A Little Fund With Big Demands

TCI has moved to the forefront of a new breed of restless shareholders in Europe

When Deutsche Börse first received word earlier this year that a little-known British hedge fund was criticizing its $2.5 billion bid for the London Stock Exchange, the German stock exchange operator barely blinked. After all, it's rare for a shareholder group to have any bearing on such issues in Germany. And given Deutsche Börse's stature as the bluest of blue chips -- its core Frankfurt Stock Exchange unit dates back to 1585 -- few expected the oddly named fund, The Children's Investment Fund Management, to get its way.

But less than six months after first piping up, The Children's Investment Fund Management -- better known as TCI -- and its allies staged an astonishing coup. On May 9, Deutsche Börse's chief executive, Werner Seifert, announced that he was resigning, effective immediately. Chairman Rolf E. Breuer, who is also chairman of Deutsche Bank's (DB ) supervisory board, said he would step down by the end of the year. It turns out TCI, which now owns 8% of Deutsche Börse, actively recruited some powerful partners, including Atticus Capital, Merrill Lynch (MER ), and Fidelity Investments, in its quest to punish Deutsche Börse management for their pursuit of the LSE. "It definitely came as a surprise that the critical shareholders so clearly prevailed," says Herbert Bayer, a member of the exchange's supervisory board.

The investor-led boardroom revolt puts the focus on TCI, a $3 billion hedge fund launched in 2003 by money manager Christopher Hohn. The value-oriented fund takes its name from the money it donates to children's charities. TCI is at the forefront of a new breed of restless shareholders in Europe that are demanding that management create shareholder value, or else.

Deutsche Börse's Seifert and Breuer had resisted Hohn's demand to put the prospective LSE purchase up to a shareholder vote, which paved the way for their unceremonious exit. TCI's only comment about the kerfuffle was a statement saying that it "welcomes" the move. The fund's activist agenda has also been felt in Asia. In November, TCI threatened to seek a management shake-up at South Korean cigarette maker KT&G, in which it is an investor, citing unhappiness with the terms of a stock buyback plan, according to a KT&G manager.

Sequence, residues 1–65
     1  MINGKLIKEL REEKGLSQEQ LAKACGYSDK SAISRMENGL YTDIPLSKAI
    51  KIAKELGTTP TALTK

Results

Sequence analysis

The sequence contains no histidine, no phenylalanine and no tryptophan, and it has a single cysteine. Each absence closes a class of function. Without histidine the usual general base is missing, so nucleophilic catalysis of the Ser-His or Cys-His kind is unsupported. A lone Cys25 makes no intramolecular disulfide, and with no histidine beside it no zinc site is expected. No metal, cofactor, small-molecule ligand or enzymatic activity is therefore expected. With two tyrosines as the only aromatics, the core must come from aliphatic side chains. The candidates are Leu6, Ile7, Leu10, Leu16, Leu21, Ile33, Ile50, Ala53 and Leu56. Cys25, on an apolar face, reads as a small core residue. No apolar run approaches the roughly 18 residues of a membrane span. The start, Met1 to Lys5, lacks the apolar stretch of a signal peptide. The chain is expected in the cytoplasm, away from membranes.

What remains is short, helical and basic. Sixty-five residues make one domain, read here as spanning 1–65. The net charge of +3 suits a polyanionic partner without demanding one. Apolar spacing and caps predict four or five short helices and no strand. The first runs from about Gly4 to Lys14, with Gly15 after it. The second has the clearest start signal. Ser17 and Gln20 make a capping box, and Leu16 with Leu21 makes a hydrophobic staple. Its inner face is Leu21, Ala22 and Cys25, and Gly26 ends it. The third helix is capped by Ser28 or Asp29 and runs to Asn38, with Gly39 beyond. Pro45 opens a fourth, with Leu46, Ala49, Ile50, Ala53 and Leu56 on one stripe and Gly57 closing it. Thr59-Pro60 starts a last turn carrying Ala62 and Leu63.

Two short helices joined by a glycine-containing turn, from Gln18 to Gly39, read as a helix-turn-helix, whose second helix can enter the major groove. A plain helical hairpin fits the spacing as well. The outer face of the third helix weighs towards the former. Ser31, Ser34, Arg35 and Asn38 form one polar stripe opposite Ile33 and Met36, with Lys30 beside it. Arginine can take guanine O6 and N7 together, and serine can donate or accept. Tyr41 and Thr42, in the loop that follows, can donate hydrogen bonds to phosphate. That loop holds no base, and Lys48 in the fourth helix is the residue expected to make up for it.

TCI managing partner Hohn earned his spurs as a money manager for hedge fund Perry Capital in London, where he oversaw European investments. Since setting out on his own, he has posted impressive results, mostly by scoring big in European and Asian equities. Last year, when the S&P Hedge Fund Index rose just 3.9%, returns at TCI topped 40%. That helped the fund win the prestigious Fund of the Year award from EuroHedge, a newsletter published in London by HedgeFund Intelligence Ltd. that ranks Europe's best-performing hedge funds.


Yet TCI isn't for the faint of heart. People familiar with the fund say Hohn likes to take large bets. Investors, mostly wealthy individuals and institutions, must agree to lock in their money for three to five years -- no matter how TCI performs. Big investors include U.S. and European pension funds, insurers, and universities. Fans and rivals alike agree that Hohn has some rough edges. The TCI chief is known to have fired off dozens of demanding e-mails to Seifert -- sometimes several in the same day. City insiders also note his staccato, bullying way of speech. Hohn has retained attorney and Christian Democratic politician Friedrich Merz to represent TCI in Germany, where the prominence of foreign investors has come under fire by some politicians.

What makes TCI unique is its annual donation, through a foundation run by Hohn's wife, of the equivalent of 0.5% of assets under management to charity. That added up to $18 million in 2004. Cynics say it's just a marketing tool, but Hohn has said he hopes to inspire others. Charity aside, TCI is certainly making a name for itself with its contributions to the cause of shareholder activism.

By Laura Cohn, with Stanley Reed in London, Jack Ewing in Frankfurt, and Moon Ihlwan in Seoul

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